In order to provide the cleaning necessary to optimize operation of the feeder belt and hopper pits, operations were halted and put into full standby while the work was being performed. The physical conditions of the work area required a confined space entry crew working on a decline of about 35 degrees with aggregate piled three to four feet high and nearly five years of compaction at the bottom and along the sides of the conveyor. The weight and density of the material required extremely powerful, deep vacuum to move the material up the distance and incline it had to travel, approximately 100 feet in total.
Using a powerful liquid ring industrial loader vacuum unit with a 4,100 CFM pump to create deep vacuum, 50 feet of aluminum hard piping was connected at the rear of the truck, down the conveyor system about 65 feet away and a 35 degree angle, to a 6-inch flex hose stinger made of corrugated plastic for flexibility. Utilizing shovels and hand tools, the crew methodically loosened the aggregate at the bottom of the hopper, along the sides of the conveyor system and inside of various small spaces in the surrounding area where aggregate slowly built up over time. The loose material was then fed into the hose for collection inside the vacuum unit. Upon filling the 3,000 gallon tank, an onsite location was used to dump and temporarily store the material for future use.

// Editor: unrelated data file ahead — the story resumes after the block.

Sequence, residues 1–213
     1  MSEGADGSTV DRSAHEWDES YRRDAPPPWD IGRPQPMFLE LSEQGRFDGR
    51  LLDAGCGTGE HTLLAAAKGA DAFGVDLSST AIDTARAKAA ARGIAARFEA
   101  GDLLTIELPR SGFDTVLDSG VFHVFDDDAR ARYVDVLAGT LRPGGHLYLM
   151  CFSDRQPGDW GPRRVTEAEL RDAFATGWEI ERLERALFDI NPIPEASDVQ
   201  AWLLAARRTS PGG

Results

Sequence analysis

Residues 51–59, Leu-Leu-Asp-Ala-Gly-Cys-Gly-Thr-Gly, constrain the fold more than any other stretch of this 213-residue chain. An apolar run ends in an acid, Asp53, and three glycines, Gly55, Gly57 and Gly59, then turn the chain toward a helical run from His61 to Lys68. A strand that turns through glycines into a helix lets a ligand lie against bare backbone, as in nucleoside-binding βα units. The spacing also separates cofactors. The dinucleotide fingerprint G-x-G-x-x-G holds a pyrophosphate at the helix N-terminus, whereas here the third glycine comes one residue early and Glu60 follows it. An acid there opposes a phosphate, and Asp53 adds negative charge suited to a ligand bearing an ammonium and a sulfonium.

Over the course of three days, the conveyor belt system, hopper and surrounding work areas were freed of aggregate, allowing the operations to resume safely. An estimated 180 tons of aggregate were loosened, vacuumed, transported, and dumped onsite. The plant resumed operations upon completion.
King-Vac liquid ring industrial loader vacuum truck, confined space entry equipment, aluminum piping, flex hose, hand tools, crew vehicles